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A couple of days ago, I began learning c++. I downloaded visual studio, looked at tutorials, and wrote some simple programs. I was doing good until I got the pointers. Whats the point of "pointing" to a variable when you can just reference the actual variable. It was really confusing me.

So I began looking online at other languages. I debated java, python, ruby, perl, c#, Visual basic, and I couldn't decide. I wanted to make something with a GUI, so everywhere I went, I got pointed to c#. I began looking at that, and it seems fine, but there is no way of working with "unlimited" sized variables.

So before I go too far into c#, is java a better choice? How about python? What language would be the best for general-purpose programming?


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This cannot be objectively answered. Which language is "best" for this purpose is a highly subjective, and will lead to answers that little more than opinion stated as fact. See below for examples. –  Stephen C Mar 10 '11 at 3:22
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closed as not constructive by p.campbell, Tim Bender, Michael Petrotta, Stephen C, Anomie Mar 10 '11 at 3:21

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5 Answers

they are all fine for general-purpose programming, and they all have their particular strengths. unless your primary target is Windows desktop applications, though, I would not recommend VB.

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For someone in your situation, I would highly recommend Python. There are plenty of GUI toolkits with Python bindings. Using Python will allow you to learn programming without having to mess with memory management or explicit typing, which seem to be the cause of your troubles. It is general-purpose and, in my opinion, the best language for beginners.

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Java is an old language which is missing a lot of features that modern languages have, C# now has a lot of great features like lambdas and dynamic types. If you still want to go with java I would choose a different language like groovy or scala, which is similar to java and runs on the same virtual machine. For GUI I would always go with C# if you are developing for windows. Python is great for web development, check django.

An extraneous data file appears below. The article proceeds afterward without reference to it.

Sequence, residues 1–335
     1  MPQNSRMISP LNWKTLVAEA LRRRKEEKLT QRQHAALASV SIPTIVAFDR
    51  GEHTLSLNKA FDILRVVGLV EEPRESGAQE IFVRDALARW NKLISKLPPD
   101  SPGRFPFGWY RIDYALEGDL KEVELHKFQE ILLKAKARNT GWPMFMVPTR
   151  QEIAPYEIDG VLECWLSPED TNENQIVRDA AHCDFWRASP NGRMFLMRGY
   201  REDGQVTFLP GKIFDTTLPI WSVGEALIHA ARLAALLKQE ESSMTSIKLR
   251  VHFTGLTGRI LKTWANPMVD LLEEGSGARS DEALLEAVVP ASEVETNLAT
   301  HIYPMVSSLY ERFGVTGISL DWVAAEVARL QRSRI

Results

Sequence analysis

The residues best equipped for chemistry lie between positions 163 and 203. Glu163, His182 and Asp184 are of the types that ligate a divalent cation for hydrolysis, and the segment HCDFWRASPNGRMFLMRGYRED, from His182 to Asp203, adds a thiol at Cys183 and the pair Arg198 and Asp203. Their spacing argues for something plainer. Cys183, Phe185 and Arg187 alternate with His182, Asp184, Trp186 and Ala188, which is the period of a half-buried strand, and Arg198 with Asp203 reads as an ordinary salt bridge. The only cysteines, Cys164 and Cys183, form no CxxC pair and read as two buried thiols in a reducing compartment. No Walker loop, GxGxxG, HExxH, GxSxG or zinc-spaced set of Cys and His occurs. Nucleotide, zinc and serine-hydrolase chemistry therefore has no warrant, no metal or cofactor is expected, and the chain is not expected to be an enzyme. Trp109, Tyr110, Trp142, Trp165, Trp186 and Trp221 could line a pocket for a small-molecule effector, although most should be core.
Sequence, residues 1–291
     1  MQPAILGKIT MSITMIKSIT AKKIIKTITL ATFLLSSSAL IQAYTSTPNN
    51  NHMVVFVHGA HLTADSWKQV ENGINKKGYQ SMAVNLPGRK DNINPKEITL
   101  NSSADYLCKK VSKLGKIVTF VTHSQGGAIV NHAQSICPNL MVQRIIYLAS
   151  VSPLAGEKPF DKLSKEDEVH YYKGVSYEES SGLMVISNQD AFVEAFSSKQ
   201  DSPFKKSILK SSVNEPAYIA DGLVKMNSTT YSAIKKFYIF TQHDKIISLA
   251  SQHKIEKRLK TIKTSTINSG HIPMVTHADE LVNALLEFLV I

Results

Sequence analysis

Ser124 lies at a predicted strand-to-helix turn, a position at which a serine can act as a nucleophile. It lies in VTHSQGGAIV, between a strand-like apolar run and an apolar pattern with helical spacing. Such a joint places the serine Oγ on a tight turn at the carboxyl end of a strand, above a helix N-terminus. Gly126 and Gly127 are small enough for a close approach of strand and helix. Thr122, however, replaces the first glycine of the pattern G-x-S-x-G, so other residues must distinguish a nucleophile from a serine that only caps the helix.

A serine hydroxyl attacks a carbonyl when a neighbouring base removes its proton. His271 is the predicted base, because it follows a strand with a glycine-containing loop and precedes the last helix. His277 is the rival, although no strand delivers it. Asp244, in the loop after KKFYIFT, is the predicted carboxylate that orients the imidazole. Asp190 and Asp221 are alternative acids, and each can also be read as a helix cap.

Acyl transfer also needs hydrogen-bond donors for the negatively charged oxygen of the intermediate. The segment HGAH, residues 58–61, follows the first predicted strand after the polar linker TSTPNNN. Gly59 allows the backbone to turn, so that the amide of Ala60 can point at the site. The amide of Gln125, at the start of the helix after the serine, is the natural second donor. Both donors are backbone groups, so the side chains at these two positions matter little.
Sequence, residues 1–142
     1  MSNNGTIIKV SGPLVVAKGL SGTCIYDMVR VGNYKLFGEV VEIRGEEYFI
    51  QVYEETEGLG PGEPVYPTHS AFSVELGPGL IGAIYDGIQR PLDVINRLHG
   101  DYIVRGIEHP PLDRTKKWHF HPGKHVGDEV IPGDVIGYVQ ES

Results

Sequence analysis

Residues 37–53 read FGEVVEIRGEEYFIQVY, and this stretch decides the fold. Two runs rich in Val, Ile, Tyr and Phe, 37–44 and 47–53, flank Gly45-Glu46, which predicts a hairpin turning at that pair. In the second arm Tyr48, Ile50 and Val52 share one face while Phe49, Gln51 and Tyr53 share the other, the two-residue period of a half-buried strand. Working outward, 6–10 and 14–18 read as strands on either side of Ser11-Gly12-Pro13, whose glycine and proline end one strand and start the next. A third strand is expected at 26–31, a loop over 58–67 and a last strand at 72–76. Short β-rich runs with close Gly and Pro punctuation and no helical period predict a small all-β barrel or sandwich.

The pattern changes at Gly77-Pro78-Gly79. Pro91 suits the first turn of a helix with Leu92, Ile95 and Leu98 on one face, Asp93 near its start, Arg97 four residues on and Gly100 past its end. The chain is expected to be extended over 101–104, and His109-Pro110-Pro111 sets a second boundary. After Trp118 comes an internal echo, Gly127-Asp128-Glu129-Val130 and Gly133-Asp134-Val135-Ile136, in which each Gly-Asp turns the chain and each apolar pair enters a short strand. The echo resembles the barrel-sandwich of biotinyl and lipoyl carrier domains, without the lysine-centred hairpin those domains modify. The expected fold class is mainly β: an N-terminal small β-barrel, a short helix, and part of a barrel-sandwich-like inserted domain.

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Can you please name the missing features of Java? –  Mudassir Mar 10 '11 at 3:14
lambdas, automatic getters and setters(this makes java very verbose), type inference. –  ryudice Mar 10 '11 at 3:17
The OP is learning how to program so your C# features isn't really necessary for a beginner. Also, java runs on all platforms using the same JVM from Oracle. To run .NET code in Linux, there is no Microsoft support of .NET for Linux, you'll have to get Mono. Complexities I prefer not playing with as a beginner. –  Buhake Sindi Mar 10 '11 at 3:19
Please tell me you'll never be allowed near anything other than a website. –  Brian Roach Mar 10 '11 at 3:22
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You need to ask yourself alot of questions:

  1. Do you want to program for the Web or Desktop? (and If it's for the Web, do you want to use open technologies like Php, Ruby on Rails?)

  2. What operating system would you like to target? Windows, Mac, Linux.

  3. Do you want to use a strongly typed language (like C#, Java), or a scripting language (like Python). Each has their advantages and disadvantages.

  4. Generally, most Enterprises (i.e., Fortune 1000 companies) use either Java or C# for both desktop and web based programming. C++ used to be the standard but nobody wants to deal with pointers anymore for business logic.

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java is for web application not good at at gui application.maybe C# is a better choice for gui application.I use java a lot.ruby python and so on i am not familiar with.But i know they are not good at gui application.

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I was just leaning towards java because I was the potential of it when I played "Minecraft". –  Jtvd78 Mar 10 '11 at 3:10
What's the basis for those languages not being good at GUI applications and how does that translate to them not being good languages to learn programming concepts with? –  brainimus Mar 10 '11 at 3:12
Java is brilliant in mobile application including Blu-Ray players too. It's not only good for web applications. Also, on the GUI side, what makes java not so good? –  Buhake Sindi Mar 10 '11 at 3:13
"What's the basis for those languages not being good at GUI applications" - the ugliness of the JWT, and then Swing? –  Matthew Lock Mar 10 '11 at 3:44
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